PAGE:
Programmable microcontrollers contain all of the components of a microcomputer system on a single chip that runs at low power and performs a dedicated operation. Microcontrollers are most commonly used in embedded systems applications where devices are expected to execute basic functions reliably and without human interference for extended periods of time.

Three Key Differences Between Microcontrollers and Microprocessors


Generally speaking, microcontrollers tend to cost less than microprocessors. Microprocessors are typically manufactured for use with more expensive devices that will leverage external peripherals to drive performance. They are also significantly more complex, as they are meant to perform a variety of computational tasks while microcontrollers usually perform a dedicated function. This is another reason why microprocessors require a robust external memory source - to support more complex computational tasks.

With a microcontroller, engineers write and compile the code intended for the specific application and upload it into the microcontroller, which internally houses all of the necessary computing features and components to execute the code. Due to their narrow individual applications, microcontrollers frequently require less memory, less computing power, and less overall complexity than microprocessors, hence the lower cost.


When it comes to overall clock speed, there is a significant difference between industry-leading microprocessor chips and high-quality microcontrollers. This relates back to the idea that microcontrollers are meant to handle a specific task or application, while a microprocessor is meant for more complex, robust, and unpredictable computing tasks. 

One of the key design advantages associated with microcontrollers is that they can be optimized to run the code for a specific task. That means using just the right amount of speed and power to get the job done - no more and no less. As a result, many microprocessors are clocking speeds of up to 4 GHz while microcontrollers can operate with much lower speeds of 200 MHz or less.

At the same time, the close proximity of on-chip components can help microcontrollers perform functions quickly despite their slower clock speed. Microprocessors can sometimes operate more slowly because of their dependence on communicating with external peripherals.

Power Consumption

One of the key advantages associated with microcontrollers is their low power consumption. A computer processor that performs a dedicated task requires less speed, and therefore less power, than a processor with robust computational capacity. Power consumption plays an important role in implementation design: a processor that consumes a lot of power may need to be plugged in or supported by an external power supply, whereas a processor that consumes limited power could be powered for a long time by just a small battery.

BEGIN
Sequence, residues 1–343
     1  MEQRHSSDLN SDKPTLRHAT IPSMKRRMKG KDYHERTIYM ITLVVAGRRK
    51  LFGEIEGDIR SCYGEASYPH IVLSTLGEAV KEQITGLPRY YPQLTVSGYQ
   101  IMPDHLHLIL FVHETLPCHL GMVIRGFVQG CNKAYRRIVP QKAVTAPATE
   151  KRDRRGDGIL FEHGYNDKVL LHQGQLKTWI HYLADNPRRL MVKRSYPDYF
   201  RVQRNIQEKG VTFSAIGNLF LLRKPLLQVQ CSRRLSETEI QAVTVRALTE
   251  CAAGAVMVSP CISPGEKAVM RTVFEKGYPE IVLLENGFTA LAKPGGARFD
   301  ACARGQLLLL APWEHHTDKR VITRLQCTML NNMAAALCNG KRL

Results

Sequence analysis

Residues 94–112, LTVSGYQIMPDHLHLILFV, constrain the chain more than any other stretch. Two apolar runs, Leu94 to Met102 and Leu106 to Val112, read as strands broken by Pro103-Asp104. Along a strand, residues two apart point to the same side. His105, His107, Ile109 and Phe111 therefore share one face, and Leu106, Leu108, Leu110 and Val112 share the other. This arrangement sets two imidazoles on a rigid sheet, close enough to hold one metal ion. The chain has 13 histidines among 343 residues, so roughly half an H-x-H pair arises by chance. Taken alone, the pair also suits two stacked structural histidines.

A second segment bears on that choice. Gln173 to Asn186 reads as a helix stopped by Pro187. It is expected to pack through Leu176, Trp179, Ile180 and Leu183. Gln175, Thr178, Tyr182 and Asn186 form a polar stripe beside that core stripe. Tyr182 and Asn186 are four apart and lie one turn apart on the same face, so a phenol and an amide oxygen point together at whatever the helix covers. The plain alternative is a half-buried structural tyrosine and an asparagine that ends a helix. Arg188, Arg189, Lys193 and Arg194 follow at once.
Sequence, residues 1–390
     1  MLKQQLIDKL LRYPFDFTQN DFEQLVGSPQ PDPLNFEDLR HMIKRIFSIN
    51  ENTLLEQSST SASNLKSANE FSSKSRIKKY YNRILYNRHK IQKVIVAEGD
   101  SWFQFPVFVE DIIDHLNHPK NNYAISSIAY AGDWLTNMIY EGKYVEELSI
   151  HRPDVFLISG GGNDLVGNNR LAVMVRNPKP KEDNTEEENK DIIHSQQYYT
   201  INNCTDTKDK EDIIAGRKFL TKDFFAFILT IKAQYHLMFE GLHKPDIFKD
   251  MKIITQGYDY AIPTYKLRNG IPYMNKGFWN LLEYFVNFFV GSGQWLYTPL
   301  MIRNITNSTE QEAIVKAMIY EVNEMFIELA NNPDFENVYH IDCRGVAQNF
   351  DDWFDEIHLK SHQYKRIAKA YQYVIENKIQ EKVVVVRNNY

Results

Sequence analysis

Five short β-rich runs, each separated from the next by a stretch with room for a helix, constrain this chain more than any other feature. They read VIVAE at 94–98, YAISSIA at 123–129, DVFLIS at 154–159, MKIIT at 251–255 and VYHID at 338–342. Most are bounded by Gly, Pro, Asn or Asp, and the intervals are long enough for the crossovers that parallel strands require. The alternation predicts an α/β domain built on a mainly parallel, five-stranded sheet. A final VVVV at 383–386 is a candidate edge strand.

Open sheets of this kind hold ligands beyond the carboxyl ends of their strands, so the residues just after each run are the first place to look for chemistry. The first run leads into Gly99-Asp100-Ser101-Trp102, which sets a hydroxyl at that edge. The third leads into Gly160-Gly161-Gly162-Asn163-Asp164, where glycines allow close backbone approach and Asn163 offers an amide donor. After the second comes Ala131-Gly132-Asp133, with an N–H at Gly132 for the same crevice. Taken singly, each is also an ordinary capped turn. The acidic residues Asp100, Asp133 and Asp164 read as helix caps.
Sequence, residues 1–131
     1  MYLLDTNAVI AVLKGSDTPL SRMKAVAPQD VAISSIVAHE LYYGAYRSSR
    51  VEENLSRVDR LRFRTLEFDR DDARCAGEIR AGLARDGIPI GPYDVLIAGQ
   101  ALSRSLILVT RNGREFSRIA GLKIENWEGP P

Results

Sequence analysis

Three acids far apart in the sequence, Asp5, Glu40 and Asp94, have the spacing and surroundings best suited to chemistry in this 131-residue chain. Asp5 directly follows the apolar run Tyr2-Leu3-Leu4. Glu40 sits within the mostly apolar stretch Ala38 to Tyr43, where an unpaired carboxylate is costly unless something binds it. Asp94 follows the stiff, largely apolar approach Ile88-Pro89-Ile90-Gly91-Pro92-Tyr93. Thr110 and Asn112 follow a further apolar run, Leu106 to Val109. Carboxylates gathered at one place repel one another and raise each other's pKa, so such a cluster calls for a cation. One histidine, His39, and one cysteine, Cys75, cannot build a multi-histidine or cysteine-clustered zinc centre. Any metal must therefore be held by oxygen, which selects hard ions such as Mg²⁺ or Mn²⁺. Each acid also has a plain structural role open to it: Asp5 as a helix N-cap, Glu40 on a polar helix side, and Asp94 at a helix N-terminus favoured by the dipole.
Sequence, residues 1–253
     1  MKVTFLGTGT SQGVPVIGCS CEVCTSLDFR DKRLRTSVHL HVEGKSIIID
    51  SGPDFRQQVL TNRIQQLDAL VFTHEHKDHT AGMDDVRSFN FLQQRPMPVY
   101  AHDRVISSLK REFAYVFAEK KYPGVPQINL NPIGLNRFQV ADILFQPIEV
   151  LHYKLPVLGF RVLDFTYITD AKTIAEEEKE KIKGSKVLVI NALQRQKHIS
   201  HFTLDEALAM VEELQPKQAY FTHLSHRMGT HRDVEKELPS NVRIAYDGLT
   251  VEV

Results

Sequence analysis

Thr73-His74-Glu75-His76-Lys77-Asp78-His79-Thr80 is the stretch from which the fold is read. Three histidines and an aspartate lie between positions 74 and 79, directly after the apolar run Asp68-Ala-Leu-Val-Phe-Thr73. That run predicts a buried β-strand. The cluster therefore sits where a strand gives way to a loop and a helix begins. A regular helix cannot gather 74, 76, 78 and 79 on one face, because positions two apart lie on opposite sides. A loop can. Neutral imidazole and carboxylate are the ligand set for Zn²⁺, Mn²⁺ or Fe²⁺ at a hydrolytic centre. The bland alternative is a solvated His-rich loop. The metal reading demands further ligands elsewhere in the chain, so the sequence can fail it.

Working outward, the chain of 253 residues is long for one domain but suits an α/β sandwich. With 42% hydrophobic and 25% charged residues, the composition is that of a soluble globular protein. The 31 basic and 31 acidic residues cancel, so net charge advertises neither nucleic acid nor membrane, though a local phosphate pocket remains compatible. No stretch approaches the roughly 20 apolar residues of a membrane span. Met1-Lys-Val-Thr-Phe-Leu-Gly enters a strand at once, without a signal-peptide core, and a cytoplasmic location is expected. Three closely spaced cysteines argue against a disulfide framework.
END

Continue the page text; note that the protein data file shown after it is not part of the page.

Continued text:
For tasks that require low computational power, it can be much more cost effective to implement a microcontroller versus a microprocessor that consumes much more power for the same output.

Embedded Systems and Microcontrollers

Microcontrollers include many features that make them suitable for application in embedded systems:

  • They are self-contained, including all of the necessary peripherals on a single integrated circuit chip
  • They are designed to run a single dedicated application
  • They can be optimized (software and hardware) for a single dedicated application
  • They exhibit low power consumption and may include power-saving features, making them ideal for applications that require the processor to function for long periods of time without human interference
  • They are relatively inexpensive when compared to CPUs, mainly because the entire system exists on a single chip

While microprocessors may be more powerful, that additional power comes at a cost that makes microprocessors less desirable for embedded systems applications: larger size, more power consumption, and greater cost.


Ultimately, microcontrollers and microprocessors are different ways of organizing and optimizing a computing system based on a CPU. While a microcontroller puts the CPU and all peripherals onto the same chip, a microprocessor houses a more powerful CPU on a single chip that connects to external peripherals. Microcontrollers are optimized to perform a dedicated low-power application - ideal for embedded systems - while microprocessors are more useful for general computing applications that require more complex and versatile computing operations.

If you're an embedded systems engineer working on a new project with programmable microcontrollers, Total Phase has the tools that work for you and your embedded systems. From host adapters to protocol analyzers, we can help you save time and energy while debugging your product and reduce your overall time to market.

Any questions? Send them our way! You can reach out to us at sales@totalphase.com.